By Helen BriggsEnvironment Correspondent, BBC News
Wild bumblebees are infected with many of the diseases found in honeybees looked after by bee keepers, according to a national survey.
With wild bees already under threat from habitat loss and pesticides, diseases could have a profound impact on populations, say scientists.
In Britain, bumblebee species are declining, and two have become extinct.
Conservation groups are calling for tougher regulations on importing bees for commercial use.
“We need to consider the use of pesticides, increasing food resources so planting more wild flowers for all our pollinators, but also the diseases that are being brought in and transmitted between wild and managed bees” says Vanessa Amaral-RogersBuglife
Researchers at Royal Holloway, University of London, collected hundreds of free flying honeybees and wild bumblebees in 26 areas of England, Wales and Scotland.
Analysis revealed that five common viruses which cause disease in honeybees are circulating in bumblebees.
More needs to be done to protect both wild bees and commercial honeybees, said a team led by Prof Mark Brown of the School of Biological Sciences at Royal Holloway, University of London.
“Our findings reveal the widespread prevalence in wild bee populations of multiple RNA viruses previously associated with honeybees,” the researchers report in the Journal of Animal Ecology.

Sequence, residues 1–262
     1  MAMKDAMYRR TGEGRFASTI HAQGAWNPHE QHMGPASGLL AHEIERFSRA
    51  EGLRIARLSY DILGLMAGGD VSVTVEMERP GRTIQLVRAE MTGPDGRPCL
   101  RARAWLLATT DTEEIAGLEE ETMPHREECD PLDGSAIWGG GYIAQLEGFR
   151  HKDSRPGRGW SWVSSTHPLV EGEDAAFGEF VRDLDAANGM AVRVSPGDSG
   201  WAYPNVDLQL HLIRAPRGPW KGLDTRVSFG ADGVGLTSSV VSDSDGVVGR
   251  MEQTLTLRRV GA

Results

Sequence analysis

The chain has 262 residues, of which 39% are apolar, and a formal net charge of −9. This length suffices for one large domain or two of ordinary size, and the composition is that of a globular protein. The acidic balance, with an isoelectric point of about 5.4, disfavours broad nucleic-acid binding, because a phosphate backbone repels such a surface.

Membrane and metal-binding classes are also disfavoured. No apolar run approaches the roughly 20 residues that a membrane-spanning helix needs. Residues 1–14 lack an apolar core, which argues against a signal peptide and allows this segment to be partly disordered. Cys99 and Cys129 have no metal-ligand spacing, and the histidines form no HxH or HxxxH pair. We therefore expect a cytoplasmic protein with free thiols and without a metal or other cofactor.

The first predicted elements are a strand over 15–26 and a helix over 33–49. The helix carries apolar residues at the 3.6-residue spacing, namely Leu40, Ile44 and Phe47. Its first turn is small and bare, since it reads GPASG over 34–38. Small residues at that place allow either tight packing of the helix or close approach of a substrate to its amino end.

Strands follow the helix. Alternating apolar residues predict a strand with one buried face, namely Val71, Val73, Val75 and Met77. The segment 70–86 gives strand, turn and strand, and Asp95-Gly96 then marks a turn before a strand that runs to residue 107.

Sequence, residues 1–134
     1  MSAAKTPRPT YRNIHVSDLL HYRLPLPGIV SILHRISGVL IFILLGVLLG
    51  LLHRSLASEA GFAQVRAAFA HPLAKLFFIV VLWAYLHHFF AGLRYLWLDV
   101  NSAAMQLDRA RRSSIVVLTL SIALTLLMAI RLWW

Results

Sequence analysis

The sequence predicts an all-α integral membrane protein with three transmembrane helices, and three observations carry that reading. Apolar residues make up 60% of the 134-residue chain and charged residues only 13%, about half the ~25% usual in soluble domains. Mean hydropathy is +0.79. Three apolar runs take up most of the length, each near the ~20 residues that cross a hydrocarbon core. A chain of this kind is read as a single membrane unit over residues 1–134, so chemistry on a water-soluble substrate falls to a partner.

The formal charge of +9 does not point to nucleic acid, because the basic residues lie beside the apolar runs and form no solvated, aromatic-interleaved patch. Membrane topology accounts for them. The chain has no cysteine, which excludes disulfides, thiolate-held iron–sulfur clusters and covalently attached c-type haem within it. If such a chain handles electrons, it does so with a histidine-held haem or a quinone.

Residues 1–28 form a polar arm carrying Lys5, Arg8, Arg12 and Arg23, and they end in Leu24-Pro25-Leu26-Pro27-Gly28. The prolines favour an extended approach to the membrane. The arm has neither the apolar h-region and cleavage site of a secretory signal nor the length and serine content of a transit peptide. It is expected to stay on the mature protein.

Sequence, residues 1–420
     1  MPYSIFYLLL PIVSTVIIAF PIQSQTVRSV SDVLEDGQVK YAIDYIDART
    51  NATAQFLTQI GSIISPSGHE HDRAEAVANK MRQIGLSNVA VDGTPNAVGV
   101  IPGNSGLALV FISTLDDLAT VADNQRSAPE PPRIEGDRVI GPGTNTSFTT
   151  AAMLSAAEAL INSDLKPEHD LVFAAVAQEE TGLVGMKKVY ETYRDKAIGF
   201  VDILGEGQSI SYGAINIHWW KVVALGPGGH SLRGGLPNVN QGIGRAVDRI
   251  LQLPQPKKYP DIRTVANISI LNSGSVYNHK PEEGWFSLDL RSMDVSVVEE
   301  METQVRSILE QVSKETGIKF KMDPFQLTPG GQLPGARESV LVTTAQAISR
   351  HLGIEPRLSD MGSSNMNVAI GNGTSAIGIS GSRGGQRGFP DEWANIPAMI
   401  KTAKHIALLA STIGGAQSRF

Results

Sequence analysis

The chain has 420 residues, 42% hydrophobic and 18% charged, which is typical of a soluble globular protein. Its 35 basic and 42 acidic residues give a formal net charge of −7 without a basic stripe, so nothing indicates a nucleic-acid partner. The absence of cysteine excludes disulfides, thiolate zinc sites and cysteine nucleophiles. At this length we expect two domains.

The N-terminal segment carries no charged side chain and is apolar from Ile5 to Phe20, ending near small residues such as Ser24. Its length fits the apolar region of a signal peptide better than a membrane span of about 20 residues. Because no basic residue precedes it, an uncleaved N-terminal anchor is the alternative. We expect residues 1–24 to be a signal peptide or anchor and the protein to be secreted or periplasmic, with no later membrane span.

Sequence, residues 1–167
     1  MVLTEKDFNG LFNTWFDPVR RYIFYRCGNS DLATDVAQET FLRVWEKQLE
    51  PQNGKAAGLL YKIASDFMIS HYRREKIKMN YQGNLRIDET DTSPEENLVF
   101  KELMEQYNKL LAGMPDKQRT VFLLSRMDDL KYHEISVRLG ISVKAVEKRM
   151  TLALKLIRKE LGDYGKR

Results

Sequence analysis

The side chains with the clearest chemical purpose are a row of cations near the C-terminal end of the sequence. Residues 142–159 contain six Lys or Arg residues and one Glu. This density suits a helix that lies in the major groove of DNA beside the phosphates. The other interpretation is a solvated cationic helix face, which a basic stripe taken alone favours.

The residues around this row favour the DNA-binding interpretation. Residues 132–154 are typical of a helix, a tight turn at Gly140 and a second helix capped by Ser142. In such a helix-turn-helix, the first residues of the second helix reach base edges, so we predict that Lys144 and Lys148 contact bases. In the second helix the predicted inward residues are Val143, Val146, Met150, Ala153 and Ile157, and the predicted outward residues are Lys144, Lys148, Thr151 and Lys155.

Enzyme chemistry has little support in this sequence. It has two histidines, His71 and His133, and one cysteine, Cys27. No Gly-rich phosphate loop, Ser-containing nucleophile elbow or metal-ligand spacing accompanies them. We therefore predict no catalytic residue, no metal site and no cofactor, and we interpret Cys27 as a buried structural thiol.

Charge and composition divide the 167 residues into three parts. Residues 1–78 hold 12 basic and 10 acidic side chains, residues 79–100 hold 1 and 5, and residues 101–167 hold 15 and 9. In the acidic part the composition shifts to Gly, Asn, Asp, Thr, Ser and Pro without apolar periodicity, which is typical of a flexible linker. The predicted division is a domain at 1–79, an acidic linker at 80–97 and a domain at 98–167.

Together with other environmental factors, such as habitat loss and pesticides, diseases could have a “profound impact on the long-term health of bee populations,” they said.
In the UK there are 24 species of bumblebee but only eight are commonly found in most regions. Bumblebees have been declining due to a shortage of flowers to feed on and places to nest in the countryside.
Native honeybees living in the wild have largely disappeared, due to diseases and mites, such as the Varroa mite.
Mites are a major threat to honeybees
However, many honeybees looked after by bee keepers forage in the countryside and urban habitats, where they may come into contact with wild bumblebees.
Vanessa Amaral-Rogers of the insect charity Buglife said diseases found in honeybees were another factor to consider in bumblebee conservation.
“We need to consider the use of pesticides, increasing food resources so planting more wild flowers for all our pollinators, but also the diseases that are being brought in and transmitted between wild and managed bees,” she said.
The research adds to growing evidence that multiple environmental pressures are driving the loss of bees in the wild and in hives.
In a review of evidence published last week in the journal Science, biologists at the University of Sussex called for practical measures to protect bees including:
incorporating flower-rich habitat into farmland
reducing pesticide use
bringing in quarantine measures for bees shipped from country-to-country